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MTH 225 Learning Objectives

By module

  • Module 1: Arithmetic
    • Given an integer in base 2, 8, 10, or 16, represent it using another base.
    • Add, subtract, multiply, and divide integers in base 2, 8, and 16.
    • Use two's complement to represent a negative integer in binary.
    • State the Division Algorithm and use it to find the quotient and remainder when dividing one positive integer by another.
    • Compute a % b for an integer a and positive integer b.
  • Module 2: Logic
    • Differentiate between a proposition and a statement that isn't a proposition.
    • Determine the truth value of a compound proposition formed by using AND, OR, or NOT.
    • Identify the hypothesis and conclusion of a conditional statement.
    • State the conditions under which a conditional statement is true.
    • Given a conditional statement and the truth values of its hypothesis and conclusion, state whether the conditional statement is true or false.
    • State the converse and contrapositive of a conditional statement.
    • Construct a truth table for AND, OR, NOT, and conditional statements.
    • Construct a truth table for a compound statement involving more than one logical connective and three or more variables.
    • Determine whether two propositions are logically equivalent by using a truth table.
    • Explain the differences between a predicate and a proposition.
    • Determine the domain and truth set of a predicate.
    • Determine the truth value of existentially and universally quantified predicates, and determine if a predicate is underdetermined.
    • Determine the truth value of a double-quantified predicate.
    • State the negation of a quantified predicate.
  • Module 3: Sets and Functions
    • Determine whether a set is finite or infinite.
    • Identify "famous" sets corresponding to their notation: The empty set, the natural numbers, the whole numbers, the integers, and the rational, real, and complex numbers.
    • Given a set in roster form, rephrase the set in set-builder notation; and vice versa.
    • Given a set in either roster or set-builder form and an object, determine whether the object is a member of the set.
    • State the definition of "subset" and given two sets, determine if one is a subset of the other.
    • State the definition of "equality" of sets, and given two sets, determine if they are equal.
    • Given a finite set, write its power set.
    • Given a finite set, state its cardinality.
    • Given two sets, find their intersection, union, difference, symmetric difference, and Cartesian product.
    • Given a set and its universal set, find its complement.
    • State the definition of a function between two sets.
    • Given a mapping between two sets, determine whether or not it is a function. If it is, state the domain, range, and codomain.
    • State the definitions of injective, surjective, and bijective functions.
    • Given a function between two sets, determine whether it is injective, surjective, or bijective.
    • Compute outputs using the floor, ceiling, factorial, DIV, and MOD functions.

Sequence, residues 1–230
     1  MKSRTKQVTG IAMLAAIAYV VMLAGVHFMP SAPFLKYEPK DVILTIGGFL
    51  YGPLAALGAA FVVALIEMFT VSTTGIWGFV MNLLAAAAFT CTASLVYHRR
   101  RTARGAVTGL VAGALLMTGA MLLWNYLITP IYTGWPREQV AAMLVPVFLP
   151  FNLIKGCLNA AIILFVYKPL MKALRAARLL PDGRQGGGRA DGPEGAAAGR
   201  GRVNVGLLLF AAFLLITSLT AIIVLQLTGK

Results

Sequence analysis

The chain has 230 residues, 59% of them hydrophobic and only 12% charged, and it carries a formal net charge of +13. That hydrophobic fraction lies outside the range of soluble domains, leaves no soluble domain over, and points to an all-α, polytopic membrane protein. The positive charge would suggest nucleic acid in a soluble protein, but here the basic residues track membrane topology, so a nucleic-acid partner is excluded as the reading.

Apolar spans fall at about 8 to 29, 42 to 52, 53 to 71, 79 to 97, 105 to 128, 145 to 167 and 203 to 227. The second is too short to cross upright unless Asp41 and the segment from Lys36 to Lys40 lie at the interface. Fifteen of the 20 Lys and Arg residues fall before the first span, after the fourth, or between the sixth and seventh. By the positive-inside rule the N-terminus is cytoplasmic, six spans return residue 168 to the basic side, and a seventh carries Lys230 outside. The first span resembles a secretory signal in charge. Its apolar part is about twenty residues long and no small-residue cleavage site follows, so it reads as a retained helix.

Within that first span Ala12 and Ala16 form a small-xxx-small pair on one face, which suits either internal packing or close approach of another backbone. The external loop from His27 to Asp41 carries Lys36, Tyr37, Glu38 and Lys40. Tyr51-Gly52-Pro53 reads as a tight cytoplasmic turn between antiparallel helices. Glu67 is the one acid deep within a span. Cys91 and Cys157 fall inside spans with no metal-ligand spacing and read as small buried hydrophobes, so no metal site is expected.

• Module 4: Combinatorics
    • State the Additive Principle and use it to count the number of arrangements in an appropriate setting.
    • State the Multiplicative Principle and use it to count the number of arrangements in an appropriate setting.
    • Define the binomial coefficient in terms of the solution to a counting problem.
    • State the recurrence relation that defines the binomial coefficient.
    • State the closed formula for the binomial coefficient $\binom{n}{k}$
    • Compute values of the binomial coefficient using recursion, Pascal's Triangle, and the closed formula.
    • Count the number of permutations of a group of objects and the number of $k$-permutations from a set of $n$ objects.
    • Use the "stars and bars" method to count the number of ways to distribute objects among a group.
    • State the Principle of Inclusion and Exclusion and use it to count complex arrangements.
    • Given a counting problem, identify which method is most appropriate which are not appropriate.
  • Module 5: Sequences, Recursion, and Induction
    • Compute values in a sequence defined as a closed formula.
    • Compute values in a sequence defined as a recurrence relation.
    • Given a finite sum, rewrite it using sigma notation; given sigma notation, calculate the sum.
    • Given a sequence, identify it as arithmetic or geometric; then find closed-form and recursive expressions for the sequence.
    • Determine a recurrence relation for a given recursive sequence.
    • Given a proposed solution for a recurrence relation, prove or disprove that it solves the relation.
    • Use the characteristic roots method to solve a second-order linear homogeneous recurrence relation.
    • State the Principle of Mathematical Induction and explain in basic terms how and why it works.
    • Set up the framework for a mathematical proof using Mathematical Induction:
      • Identify the predicate
      • Establish the base case
      • State the inductive hypothesis
      • State what should be proven in the inductive step and outline how the proof would unfold
    • Perform a critical analysis of a written proof by mathematical induction.
    • Construct a clear and correct mathematical proof using mathematical induction.
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